Is it possible to gain immunity against a virus if the exposure to the virus is not large enough to cause any clinical symptoms? And if so, would the immunity achieved without symptoms be as strong as immunity achieved by going through the full progression of the disease? (ex: chicken pox and measles)? ... If so, would the optimal exposure to a given virus be as large as possible, but not large enough for the incubation to take full effect, and so avoid any clinical symptoms, whilst still gaining immunity? thanks...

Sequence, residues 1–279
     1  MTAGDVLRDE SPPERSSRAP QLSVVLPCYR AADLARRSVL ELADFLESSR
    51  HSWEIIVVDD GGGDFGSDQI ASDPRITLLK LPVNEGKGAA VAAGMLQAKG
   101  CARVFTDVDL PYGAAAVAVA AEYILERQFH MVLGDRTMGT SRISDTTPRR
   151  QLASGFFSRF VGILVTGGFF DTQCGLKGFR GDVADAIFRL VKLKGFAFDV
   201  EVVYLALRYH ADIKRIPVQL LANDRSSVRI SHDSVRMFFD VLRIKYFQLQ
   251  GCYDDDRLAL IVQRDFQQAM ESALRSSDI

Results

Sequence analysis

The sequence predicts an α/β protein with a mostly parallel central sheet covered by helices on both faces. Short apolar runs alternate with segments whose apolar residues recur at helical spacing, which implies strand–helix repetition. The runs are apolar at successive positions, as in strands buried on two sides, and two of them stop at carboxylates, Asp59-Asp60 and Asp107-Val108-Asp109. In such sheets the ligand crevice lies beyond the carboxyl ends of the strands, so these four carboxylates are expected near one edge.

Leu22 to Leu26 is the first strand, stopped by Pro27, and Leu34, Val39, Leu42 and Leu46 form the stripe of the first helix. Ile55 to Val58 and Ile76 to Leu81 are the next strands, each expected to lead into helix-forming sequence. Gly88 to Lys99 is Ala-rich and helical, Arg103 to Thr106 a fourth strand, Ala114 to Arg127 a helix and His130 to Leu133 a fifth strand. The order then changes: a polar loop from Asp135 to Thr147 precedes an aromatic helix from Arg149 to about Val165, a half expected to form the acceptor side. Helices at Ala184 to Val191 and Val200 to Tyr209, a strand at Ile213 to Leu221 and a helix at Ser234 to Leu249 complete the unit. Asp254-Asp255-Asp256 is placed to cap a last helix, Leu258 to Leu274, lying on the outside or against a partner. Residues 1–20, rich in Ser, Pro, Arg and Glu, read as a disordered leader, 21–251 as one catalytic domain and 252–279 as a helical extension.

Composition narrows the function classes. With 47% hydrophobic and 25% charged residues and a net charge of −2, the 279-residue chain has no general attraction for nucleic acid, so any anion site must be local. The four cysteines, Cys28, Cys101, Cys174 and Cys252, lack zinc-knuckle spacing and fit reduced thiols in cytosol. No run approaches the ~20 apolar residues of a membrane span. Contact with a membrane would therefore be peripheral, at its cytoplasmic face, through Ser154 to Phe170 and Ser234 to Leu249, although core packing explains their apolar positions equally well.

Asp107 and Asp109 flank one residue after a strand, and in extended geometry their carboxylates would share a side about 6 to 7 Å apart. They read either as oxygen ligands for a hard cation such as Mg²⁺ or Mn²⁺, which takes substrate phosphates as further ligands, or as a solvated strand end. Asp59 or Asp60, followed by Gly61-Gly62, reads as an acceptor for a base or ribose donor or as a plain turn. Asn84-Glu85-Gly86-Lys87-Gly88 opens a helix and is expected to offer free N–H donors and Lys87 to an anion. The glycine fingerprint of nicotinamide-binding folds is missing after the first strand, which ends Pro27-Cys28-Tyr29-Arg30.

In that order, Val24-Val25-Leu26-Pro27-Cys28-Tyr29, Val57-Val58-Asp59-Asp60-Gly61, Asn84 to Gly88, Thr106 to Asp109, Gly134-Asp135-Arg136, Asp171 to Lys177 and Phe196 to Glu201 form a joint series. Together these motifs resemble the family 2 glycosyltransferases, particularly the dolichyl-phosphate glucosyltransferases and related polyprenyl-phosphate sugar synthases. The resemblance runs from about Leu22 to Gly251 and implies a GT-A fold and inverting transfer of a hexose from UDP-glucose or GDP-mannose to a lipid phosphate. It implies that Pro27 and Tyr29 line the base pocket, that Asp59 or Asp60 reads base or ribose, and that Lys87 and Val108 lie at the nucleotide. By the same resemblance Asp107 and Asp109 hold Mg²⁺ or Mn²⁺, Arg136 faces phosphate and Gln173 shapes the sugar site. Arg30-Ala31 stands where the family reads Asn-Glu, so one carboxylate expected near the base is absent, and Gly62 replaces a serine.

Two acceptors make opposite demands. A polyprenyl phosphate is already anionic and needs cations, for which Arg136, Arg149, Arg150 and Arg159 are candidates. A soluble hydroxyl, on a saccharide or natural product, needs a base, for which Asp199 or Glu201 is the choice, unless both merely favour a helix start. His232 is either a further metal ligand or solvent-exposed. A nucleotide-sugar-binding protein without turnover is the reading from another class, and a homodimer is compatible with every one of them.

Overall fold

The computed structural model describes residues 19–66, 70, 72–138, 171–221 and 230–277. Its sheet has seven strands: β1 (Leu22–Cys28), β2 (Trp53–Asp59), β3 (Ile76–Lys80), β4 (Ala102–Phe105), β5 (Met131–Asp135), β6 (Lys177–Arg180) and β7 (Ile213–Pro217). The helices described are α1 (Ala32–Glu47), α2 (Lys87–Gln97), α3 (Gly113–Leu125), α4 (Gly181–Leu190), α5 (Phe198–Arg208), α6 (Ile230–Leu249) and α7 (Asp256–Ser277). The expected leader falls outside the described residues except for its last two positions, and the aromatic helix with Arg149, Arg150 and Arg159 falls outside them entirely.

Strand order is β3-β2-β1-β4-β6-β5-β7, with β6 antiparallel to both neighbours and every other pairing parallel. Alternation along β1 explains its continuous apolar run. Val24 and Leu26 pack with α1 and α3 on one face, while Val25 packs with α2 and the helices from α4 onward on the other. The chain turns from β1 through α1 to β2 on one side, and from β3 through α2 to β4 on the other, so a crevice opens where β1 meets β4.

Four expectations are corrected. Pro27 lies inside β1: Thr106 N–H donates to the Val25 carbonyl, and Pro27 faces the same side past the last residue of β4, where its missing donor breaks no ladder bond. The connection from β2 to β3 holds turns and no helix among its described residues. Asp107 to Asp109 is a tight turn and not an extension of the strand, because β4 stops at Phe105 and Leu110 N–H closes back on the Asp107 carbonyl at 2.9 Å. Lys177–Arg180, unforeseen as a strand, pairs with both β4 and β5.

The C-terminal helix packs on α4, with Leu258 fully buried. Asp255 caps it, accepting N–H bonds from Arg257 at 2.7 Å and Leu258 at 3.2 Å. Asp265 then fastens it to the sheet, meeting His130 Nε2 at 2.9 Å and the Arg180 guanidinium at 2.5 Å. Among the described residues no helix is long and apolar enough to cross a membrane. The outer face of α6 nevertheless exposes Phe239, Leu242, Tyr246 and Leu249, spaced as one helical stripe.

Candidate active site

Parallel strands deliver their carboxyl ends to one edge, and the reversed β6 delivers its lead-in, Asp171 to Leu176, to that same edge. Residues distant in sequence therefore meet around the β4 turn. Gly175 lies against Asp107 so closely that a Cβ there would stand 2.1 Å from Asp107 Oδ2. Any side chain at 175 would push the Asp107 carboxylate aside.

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    In order to generate an immunity to a virus, there has to be enough of an infection to generate an immune response. By this I mean that the infection has to get past our body's first line of defense, the white blood cells, and cause the immune system to send out t-helper cells to get antigen markers on the virus' protein shell, which in turn the body uses to make specific antibodies for the virus in question. I don't know that this is quantifiable, which is why I offer this as a comment rather than an answer. – BillDOe Sep 3 '16 at 16:52

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